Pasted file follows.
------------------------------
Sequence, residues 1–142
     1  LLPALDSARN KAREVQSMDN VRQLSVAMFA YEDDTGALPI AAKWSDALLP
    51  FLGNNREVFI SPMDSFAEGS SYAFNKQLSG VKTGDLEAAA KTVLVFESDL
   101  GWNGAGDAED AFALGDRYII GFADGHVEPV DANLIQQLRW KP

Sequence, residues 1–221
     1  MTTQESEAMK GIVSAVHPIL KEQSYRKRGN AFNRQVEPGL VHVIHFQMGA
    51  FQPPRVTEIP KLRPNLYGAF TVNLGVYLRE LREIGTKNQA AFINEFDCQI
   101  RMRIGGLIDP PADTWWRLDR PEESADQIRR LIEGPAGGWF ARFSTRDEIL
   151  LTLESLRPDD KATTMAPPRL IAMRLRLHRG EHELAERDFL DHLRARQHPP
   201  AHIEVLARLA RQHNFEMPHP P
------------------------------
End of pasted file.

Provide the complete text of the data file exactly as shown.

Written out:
Sequence, residues 1–142
     1  LLPALDSARN KAREVQSMDN VRQLSVAMFA YEDDTGALPI AAKWSDALLP
    51  FLGNNREVFI SPMDSFAEGS SYAFNKQLSG VKTGDLEAAA KTVLVFESDL
   101  GWNGAGDAED AFALGDRYII GFADGHVEPV DANLIQQLRW KP

Sequence, residues 1–221
     1  MTTQESEAMK GIVSAVHPIL KEQSYRKRGN AFNRQVEPGL VHVIHFQMGA
    51  FQPPRVTEIP KLRPNLYGAF TVNLGVYLRE LREIGTKNQA AFINEFDCQI
   101  RMRIGGLIDP PADTWWRLDR PEESADQIRR LIEGPAGGWF ARFSTRDEIL
   151  LTLESLRPDD KATTMAPPRL IAMRLRLHRG EHELAERDFL DHLRARQHPP
   201  AHIEVLARLA RQHNFEMPHP P